The Obama administration formally cleared the way for new military trials at Guantanamo Bay Naval Base, lifting a ban the White House put in place two years ago as the initial step in a planned—but unsuccessful—effort to close down the controversial detention facility.
The moves by the White House and Pentagon on Monday mean that the administration has abandoned any real hope of shuttering the sprawling military prison, though the White House remains nominally committed to that policy in public. A senior administration official told reporters that new trials for suspected terrorists were likely to begin at Guantanamo Bay’s heavily fortified, one-story courtroom “within days or weeks.”
In a statement announcing that he was maintaining a Bush-era system allowing for the indefinite suspension of terror suspects at Guantanamo, Obama said his administration was working “to bring terrorists to justice consistent with our commitment to protect the American people and uphold our values.” The president said he continued to believe that some suspected terrorists should be tried in federal criminal courts, but the actions announced by his administration strongly suggest that most militants will face military tribunals, not civilian trials.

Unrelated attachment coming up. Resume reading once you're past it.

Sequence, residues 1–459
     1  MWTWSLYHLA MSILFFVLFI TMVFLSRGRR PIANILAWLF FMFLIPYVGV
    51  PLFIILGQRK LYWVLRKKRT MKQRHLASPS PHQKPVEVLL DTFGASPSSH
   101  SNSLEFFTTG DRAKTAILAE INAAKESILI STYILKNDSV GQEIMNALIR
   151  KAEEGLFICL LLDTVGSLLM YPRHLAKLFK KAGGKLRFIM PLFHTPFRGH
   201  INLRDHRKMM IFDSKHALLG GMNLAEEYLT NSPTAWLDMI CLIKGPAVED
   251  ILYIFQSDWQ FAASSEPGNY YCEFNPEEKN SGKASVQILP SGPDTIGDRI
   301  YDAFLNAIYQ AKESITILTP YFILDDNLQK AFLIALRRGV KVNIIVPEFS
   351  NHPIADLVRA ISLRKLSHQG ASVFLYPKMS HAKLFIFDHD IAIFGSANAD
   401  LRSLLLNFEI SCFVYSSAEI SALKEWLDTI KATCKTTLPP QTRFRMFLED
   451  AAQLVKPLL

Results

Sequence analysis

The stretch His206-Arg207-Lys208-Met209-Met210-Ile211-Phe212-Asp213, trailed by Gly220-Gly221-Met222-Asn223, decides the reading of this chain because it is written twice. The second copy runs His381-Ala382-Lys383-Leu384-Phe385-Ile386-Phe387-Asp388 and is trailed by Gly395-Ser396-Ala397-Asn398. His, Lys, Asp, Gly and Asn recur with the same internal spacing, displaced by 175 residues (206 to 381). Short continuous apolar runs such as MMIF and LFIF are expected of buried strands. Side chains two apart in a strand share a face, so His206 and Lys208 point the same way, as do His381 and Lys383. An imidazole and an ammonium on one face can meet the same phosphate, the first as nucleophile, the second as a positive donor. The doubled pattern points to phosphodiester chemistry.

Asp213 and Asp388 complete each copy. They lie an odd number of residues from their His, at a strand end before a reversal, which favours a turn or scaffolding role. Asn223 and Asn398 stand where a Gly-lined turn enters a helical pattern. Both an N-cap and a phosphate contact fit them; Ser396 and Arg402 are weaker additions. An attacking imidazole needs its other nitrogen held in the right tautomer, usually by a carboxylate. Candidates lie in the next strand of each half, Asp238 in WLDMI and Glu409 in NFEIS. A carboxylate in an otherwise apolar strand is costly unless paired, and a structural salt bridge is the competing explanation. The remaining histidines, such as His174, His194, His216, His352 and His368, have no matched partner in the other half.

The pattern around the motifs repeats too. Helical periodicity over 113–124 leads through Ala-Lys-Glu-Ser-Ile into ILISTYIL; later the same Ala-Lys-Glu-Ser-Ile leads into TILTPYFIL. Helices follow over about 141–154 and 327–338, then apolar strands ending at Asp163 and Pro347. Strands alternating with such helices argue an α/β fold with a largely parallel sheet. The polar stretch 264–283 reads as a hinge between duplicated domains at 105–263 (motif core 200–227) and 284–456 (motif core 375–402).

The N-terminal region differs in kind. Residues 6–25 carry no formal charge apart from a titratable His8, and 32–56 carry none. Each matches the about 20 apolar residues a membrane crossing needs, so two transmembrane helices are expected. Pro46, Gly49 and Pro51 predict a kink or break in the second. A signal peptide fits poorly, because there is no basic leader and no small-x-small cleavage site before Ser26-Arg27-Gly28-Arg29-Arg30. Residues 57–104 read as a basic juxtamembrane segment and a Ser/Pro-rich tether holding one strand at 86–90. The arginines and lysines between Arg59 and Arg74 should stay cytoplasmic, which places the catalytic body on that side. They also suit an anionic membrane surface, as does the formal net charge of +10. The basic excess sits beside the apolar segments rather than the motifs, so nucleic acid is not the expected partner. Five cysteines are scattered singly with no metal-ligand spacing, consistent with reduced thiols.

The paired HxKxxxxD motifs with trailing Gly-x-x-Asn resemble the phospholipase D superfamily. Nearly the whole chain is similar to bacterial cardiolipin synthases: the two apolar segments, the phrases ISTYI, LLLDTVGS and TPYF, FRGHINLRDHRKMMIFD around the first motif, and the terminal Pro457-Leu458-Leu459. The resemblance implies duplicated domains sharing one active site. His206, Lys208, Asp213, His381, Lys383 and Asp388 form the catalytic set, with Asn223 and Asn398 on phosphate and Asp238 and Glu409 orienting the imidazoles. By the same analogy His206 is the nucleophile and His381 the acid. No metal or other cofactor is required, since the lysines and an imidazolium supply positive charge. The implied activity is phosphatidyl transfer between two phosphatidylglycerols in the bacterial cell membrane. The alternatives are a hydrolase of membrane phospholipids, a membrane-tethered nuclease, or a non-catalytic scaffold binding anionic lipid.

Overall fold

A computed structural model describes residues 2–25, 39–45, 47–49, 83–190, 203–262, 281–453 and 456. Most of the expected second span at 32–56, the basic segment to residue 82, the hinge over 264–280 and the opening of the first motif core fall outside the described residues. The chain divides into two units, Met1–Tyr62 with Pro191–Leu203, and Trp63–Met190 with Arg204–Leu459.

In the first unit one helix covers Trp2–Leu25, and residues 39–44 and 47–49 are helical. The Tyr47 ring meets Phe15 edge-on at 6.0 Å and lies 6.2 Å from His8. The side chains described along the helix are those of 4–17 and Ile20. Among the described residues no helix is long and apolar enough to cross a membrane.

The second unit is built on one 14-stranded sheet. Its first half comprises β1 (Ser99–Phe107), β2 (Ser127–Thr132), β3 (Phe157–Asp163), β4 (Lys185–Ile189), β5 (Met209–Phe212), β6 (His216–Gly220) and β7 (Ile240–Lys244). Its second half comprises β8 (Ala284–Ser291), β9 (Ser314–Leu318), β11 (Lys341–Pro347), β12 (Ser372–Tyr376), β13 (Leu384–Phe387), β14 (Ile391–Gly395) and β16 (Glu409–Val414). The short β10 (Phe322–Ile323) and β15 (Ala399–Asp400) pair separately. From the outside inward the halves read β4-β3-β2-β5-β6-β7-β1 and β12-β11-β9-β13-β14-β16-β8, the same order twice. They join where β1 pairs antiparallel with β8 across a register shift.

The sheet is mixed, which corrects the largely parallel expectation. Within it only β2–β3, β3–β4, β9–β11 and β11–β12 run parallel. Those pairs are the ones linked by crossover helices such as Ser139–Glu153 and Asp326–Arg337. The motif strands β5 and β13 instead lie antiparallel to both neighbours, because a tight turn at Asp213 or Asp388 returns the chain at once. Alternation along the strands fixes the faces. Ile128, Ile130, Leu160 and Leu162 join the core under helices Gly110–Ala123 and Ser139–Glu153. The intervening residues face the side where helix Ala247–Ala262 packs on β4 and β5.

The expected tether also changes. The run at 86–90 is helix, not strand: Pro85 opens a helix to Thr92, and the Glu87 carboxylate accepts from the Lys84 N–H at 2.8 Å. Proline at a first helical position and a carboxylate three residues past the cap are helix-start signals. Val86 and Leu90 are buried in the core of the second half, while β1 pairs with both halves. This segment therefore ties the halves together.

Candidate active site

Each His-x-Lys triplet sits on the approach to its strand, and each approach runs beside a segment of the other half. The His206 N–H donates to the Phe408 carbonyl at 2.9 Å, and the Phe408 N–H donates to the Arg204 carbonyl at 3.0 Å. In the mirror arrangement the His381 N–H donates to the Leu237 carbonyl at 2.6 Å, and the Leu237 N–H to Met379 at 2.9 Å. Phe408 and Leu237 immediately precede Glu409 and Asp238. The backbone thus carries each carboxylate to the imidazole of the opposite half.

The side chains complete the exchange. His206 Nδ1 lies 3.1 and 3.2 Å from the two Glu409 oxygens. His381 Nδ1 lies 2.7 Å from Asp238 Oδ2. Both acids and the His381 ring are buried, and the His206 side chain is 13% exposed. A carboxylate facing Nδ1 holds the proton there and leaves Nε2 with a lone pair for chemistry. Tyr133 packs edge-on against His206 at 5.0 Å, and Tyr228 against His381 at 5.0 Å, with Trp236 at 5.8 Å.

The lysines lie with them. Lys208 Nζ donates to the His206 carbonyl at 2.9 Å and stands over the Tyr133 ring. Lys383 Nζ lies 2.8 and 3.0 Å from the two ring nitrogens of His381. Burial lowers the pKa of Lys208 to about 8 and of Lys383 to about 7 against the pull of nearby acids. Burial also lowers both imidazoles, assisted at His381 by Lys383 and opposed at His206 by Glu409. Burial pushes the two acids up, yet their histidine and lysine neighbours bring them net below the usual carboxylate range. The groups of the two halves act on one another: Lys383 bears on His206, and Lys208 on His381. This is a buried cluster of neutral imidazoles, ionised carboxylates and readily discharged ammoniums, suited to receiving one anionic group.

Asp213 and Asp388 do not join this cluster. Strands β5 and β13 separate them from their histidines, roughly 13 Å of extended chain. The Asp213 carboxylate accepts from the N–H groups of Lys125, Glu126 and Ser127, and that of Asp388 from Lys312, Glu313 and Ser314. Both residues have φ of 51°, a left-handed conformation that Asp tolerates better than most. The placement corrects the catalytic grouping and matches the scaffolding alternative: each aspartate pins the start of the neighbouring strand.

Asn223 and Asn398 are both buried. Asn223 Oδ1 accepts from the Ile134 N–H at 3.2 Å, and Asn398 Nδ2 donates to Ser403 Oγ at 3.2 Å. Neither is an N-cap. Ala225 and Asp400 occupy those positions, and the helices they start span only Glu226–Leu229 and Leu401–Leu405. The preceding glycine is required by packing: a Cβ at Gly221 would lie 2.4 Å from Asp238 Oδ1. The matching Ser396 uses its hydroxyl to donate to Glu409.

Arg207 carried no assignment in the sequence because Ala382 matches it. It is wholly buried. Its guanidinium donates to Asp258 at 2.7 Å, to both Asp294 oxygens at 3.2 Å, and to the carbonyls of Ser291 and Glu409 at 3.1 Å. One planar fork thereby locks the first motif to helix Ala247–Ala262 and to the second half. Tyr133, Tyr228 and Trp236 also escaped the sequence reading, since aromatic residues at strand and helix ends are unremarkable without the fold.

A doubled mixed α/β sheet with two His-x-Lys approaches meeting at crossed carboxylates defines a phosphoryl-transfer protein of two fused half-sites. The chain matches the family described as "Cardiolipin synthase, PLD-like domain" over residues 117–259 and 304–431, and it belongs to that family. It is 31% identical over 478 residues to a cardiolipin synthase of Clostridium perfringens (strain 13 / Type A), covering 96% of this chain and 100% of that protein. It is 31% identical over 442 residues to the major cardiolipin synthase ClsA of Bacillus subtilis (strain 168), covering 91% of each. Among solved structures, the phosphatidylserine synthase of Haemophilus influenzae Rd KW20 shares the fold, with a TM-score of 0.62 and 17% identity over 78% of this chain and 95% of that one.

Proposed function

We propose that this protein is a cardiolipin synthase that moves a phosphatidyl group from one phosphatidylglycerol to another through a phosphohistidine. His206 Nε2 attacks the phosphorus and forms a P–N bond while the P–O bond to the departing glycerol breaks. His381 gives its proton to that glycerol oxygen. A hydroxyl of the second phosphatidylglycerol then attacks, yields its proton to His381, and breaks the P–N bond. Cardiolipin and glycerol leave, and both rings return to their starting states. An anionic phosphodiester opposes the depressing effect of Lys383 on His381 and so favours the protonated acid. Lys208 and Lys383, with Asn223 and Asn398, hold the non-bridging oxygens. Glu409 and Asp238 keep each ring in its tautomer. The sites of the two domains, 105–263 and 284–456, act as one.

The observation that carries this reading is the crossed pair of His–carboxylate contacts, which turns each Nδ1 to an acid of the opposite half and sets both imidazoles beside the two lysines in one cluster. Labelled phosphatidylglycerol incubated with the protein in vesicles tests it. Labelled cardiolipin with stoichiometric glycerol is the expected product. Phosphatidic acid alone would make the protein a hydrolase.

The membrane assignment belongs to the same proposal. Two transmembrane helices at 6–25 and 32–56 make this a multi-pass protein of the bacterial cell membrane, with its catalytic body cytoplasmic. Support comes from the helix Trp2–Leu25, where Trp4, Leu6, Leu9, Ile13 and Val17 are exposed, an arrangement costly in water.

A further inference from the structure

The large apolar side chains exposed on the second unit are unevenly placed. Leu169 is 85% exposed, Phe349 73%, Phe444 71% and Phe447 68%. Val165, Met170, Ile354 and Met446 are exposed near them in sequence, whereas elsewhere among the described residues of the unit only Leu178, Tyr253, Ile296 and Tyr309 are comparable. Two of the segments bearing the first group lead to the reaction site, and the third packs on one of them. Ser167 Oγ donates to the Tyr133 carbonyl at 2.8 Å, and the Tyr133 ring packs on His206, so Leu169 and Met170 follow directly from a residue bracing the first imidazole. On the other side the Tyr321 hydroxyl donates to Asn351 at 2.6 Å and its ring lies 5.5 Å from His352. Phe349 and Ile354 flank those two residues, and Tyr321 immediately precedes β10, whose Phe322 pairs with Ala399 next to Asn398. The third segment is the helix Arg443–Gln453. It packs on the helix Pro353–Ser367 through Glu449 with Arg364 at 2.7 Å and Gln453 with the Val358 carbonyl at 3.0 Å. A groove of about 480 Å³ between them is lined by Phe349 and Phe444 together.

The changes were outlined in a pair of directives from the White House and the Pentagon. Obama got the process underway by issuing an executive order on Monday afternoon, mandating that each of the 172 detainees now at Guantanamo Bay get the opportunity to contest their incarceration before the parole board within the next year.
The so-called “periodic review boards,” which will contain officials from the military, the Office of National Intelligence, and the departments of Defense, State, Justice, and Homeland Security, will conduct additional hearings every three years in which detainees will be told why they’re being held and given the chance to make an argument for why they should be freed. In addition to the formal legal proceedings, detainee files will be reviewed every six months to see if they should still be held.